Nonalcoholic steatohepatitis (NASH) is the most common chronic liver disease in the US, partly due to the increasing incidence of metabolic syndrome, obesity, and type 2 diabetes. The roles of bile acids and their receptors, such as the nuclear receptor farnesoid X receptor (FXR) and the G protein-coupled receptor TGR5, on the development of NASH are not fully clear. C57BL/6J male mice fed a Western diet (WD) develop characteristics of NASH, allowing determination of the effects of FXR and TGR5 agonists on this disease. Here we show that the FXR-TGR5 dual agonist INT-767 prevents progression of WD-induced hepatic steatosis, inflammation, and fibrosis, as determined by histological and biochemical assays and novel label-free microscopy imaging techniques, including third harmonic generation, second harmonic generation, and fluorescence lifetime imaging microscopy. Furthermore, we show INT-767 decreases liver fatty acid synthesis and fatty acid and cholesterol uptake, as well as liver inflammation. INT-767 markedly changed bile acid composition in the liver and intestine, leading to notable decreases in the hydrophobicity index of bile acids, known to limit cholesterol and lipid absorption. In addition, INT-767 upregulated expression of liver p-AMPK, SIRT1, PGC-1α, and SIRT3, which are master regulators of mitochondrial function. Finally, we found INT-767 treatment reduced WD-induced dysbiosis of gut microbiota. Interestingly, the effects of INT-767 in attenuating NASH were absent in FXR-null mice, but still present in TGR5-null mice. Our findings support treatment and prevention protocols with the dual FXR-TGR5 agonist INT-767 arrest progression of WD-induced NASH in mice mediated by FXR-dependent, TGR5-independent mechanisms.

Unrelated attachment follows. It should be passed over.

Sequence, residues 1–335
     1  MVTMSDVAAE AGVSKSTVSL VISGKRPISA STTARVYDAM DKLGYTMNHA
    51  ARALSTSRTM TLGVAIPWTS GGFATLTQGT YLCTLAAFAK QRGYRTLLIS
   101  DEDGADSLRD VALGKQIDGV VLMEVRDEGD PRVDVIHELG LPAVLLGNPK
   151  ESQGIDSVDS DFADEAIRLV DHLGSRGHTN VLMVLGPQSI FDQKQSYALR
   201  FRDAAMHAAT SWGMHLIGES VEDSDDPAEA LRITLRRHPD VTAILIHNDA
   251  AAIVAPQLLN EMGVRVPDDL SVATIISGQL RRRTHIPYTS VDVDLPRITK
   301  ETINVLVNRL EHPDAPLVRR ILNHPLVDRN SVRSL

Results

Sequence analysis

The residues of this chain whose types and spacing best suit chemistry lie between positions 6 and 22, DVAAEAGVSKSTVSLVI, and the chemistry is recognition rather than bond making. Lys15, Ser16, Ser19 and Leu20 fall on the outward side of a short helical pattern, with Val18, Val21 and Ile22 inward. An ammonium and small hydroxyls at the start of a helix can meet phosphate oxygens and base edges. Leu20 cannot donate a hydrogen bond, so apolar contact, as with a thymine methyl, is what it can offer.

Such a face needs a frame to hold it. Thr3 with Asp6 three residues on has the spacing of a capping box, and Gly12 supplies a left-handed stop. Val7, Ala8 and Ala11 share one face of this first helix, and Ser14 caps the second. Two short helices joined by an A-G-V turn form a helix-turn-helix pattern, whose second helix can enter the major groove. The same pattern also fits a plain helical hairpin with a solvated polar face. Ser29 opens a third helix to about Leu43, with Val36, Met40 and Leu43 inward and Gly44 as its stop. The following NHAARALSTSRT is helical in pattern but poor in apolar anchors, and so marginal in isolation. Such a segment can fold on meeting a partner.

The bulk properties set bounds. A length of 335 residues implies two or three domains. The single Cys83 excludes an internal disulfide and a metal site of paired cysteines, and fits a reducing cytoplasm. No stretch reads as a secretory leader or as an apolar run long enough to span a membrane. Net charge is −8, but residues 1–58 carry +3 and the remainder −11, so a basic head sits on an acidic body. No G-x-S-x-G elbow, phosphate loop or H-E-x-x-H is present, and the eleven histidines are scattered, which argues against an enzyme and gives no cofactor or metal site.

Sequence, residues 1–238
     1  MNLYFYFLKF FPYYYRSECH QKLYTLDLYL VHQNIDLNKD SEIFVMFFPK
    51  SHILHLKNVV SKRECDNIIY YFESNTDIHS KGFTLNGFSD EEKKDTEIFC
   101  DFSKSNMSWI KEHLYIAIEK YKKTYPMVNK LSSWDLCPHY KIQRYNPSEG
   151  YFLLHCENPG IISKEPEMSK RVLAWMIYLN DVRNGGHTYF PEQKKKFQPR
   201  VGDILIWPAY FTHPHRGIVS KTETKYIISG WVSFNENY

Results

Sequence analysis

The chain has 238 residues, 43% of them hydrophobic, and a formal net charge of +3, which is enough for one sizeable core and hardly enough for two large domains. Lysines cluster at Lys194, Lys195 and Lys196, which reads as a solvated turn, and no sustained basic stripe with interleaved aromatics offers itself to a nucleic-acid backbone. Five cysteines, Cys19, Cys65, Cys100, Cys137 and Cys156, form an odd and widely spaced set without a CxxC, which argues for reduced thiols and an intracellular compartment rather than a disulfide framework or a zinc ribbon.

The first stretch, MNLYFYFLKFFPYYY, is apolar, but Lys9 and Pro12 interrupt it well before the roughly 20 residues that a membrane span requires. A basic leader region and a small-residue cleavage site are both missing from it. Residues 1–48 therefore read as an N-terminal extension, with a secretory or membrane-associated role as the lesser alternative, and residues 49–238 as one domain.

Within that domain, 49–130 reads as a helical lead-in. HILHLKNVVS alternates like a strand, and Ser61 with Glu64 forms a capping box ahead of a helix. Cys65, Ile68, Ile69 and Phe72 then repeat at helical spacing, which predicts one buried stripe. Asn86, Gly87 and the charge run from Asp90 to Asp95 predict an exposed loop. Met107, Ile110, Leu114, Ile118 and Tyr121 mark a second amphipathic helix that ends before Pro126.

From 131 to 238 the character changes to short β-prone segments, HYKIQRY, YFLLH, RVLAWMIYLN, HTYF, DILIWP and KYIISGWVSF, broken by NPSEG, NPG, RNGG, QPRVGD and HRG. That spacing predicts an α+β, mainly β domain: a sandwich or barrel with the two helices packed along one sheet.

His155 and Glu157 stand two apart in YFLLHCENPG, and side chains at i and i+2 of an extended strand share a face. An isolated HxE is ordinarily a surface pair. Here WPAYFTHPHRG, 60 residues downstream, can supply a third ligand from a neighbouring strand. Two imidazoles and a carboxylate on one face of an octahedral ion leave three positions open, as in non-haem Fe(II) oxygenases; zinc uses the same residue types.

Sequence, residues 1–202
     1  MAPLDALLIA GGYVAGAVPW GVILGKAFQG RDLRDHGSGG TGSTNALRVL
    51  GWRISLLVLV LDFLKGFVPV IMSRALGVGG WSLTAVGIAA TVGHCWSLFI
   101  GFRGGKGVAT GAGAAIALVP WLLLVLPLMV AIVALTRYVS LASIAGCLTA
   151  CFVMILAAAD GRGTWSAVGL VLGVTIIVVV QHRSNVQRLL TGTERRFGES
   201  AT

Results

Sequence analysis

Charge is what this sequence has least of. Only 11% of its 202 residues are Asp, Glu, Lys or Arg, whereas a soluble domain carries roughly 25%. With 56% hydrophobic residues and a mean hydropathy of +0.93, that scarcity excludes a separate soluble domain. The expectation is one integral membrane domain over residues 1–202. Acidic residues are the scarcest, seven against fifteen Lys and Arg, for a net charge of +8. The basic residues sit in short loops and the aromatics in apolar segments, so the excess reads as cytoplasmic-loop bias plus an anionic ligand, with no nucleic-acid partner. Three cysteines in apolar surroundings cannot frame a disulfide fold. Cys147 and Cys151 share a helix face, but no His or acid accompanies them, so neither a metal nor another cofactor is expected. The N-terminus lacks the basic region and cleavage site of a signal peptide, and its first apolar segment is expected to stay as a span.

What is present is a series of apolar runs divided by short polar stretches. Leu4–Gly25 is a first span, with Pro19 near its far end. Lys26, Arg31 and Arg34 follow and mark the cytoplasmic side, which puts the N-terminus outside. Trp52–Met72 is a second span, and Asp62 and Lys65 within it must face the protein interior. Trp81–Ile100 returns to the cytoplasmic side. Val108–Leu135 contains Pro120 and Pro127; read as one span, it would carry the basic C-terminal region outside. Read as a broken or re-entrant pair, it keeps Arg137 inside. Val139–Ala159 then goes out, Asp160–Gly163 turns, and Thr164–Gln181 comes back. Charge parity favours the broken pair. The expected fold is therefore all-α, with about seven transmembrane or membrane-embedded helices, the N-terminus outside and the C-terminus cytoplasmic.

Keywords: FXR-TGR5; NASH; bile acid; fibrosis; inflammation; lipid metabolism.
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